Up near the front of this Dem choo-choo is Continue reading

Bernie, imagine socialism funding the next Apple Computer

Imagine no possessions.”

— John Lennon, 1971

Five years after those words were sung, a couple of college dropouts named Steve hooked up and started making computers. They called their little company Apple Computer.

Computers don’t build themselves. Steve Wozniak and Steve Jobs had to buy the parts and pay designers and manufacturers. After exhausting their paltry money, they persuaded an investor to kick in a few hundred thousand dollars for part of their new company.

The company grew and they needed more money. Several other individuals and then venture capital firms invested millions in return for sizable chunks of the company.

The company continued to grow. In 1980, Continue reading

Impeachment lite is a ginned up farce

The Democrats’ punch-drunk base has demanded that President Donald Trump be impeached ever since the 2016 election when they suffered a knock-out in Wisconsin and Pennsylvania and then went down again in the recounts.

Then they couldn’t turn the Electoral College rogue, and failed with something called the Emoluments Clause, and botched their smears of Trump’s judges and couldn’t convince anyone that the new first lady is last and the last first lady is first.

Of course, they attempted all that not for the purpose of succeeding, but for the purpose of making them feel virtuous. That’s what they do.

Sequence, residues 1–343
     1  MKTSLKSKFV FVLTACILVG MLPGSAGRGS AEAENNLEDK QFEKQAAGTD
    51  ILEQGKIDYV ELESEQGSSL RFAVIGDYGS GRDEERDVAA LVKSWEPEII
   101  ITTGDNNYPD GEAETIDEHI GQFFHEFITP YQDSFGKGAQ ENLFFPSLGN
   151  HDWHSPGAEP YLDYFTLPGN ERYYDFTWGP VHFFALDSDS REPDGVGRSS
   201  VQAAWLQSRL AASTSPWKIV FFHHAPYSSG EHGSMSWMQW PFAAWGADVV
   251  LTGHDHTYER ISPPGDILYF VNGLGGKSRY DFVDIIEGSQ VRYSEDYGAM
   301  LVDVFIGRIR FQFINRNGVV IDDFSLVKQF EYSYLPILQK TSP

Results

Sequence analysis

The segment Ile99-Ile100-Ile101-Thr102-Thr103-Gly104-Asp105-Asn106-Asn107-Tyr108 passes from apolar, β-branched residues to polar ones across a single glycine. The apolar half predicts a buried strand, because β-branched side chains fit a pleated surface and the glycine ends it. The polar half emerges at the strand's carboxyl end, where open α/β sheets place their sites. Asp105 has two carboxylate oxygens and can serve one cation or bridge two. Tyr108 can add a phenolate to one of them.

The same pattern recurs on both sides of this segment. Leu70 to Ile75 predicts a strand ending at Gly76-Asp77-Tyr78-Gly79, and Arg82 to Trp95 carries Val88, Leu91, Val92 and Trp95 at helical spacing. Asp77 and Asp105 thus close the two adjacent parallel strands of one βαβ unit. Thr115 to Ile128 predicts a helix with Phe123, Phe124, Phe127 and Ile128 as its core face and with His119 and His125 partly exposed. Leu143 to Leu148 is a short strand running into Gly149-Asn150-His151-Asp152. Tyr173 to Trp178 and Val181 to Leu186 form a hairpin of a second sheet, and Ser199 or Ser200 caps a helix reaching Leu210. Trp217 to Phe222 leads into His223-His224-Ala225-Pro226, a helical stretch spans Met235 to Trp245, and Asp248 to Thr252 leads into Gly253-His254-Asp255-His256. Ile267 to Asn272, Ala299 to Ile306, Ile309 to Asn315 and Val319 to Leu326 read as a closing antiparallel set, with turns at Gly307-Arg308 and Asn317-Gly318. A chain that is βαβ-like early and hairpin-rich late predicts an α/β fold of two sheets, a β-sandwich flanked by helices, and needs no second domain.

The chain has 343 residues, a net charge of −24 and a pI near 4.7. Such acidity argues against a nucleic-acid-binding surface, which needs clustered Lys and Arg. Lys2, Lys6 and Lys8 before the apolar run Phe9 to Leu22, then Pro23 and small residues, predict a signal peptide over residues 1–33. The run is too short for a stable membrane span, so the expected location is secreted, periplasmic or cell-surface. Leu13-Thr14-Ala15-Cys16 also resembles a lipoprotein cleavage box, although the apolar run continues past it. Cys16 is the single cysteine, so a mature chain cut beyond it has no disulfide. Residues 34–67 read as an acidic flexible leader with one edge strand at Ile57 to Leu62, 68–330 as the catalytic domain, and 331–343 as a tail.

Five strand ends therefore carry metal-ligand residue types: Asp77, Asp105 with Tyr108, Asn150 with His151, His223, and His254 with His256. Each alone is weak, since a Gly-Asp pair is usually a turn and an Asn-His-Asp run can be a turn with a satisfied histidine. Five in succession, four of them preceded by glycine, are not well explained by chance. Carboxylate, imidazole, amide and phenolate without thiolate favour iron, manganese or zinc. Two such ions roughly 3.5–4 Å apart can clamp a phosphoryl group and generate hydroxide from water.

Former President Barack Obama brilliantly capitalized on this mindset. Instead of arguing that proposals with which he disagreed would not work, he simply condemned them as unvirtuous. He declared at least 46 times, “That’s not who we are.”

Saying, “That’s not who we are” is who Obama is. It worked with his Dems, because their discourse isn’t about problem solving; it’s a revival meeting.

Not all the Dems have been drinking the virtue Kool-Aid, however. Continue reading

Blacks embark on their fourth great migration

Their first migration was great not for its goodness but for its enormity. It was of course the capture, enslavement and diaspora of black Africans. They were stacked like cargo aboard slave ships bound for America and elsewhere and then auctioned and owned like cattle.

Slavery was common throughout the world and had been for thousands of years, but American slavery was notable for its sheer scale. By the mid-1800s, between 30% and nearly 60% of the population of southern states were slaves.

In abolishing slavery, colonials should have led the world, not lagged it. They were destined to found a nation, said Abraham Lincoln years later, conceived in liberty and dedicated to the proposition that all men are created equal. Slavery was beneath them.

And many of them knew it. In the Declaration of Independence, Thomas Jefferson — a slave owner but a brilliant visionary — foreshadowed the years of reckoning ahead.

The product of that reckoning was the next great black migration, when they left the southern plantations after the Civil War. It took 80-some years, but Lincoln started to make good on Jefferson’s promise.

It was costly. Continue reading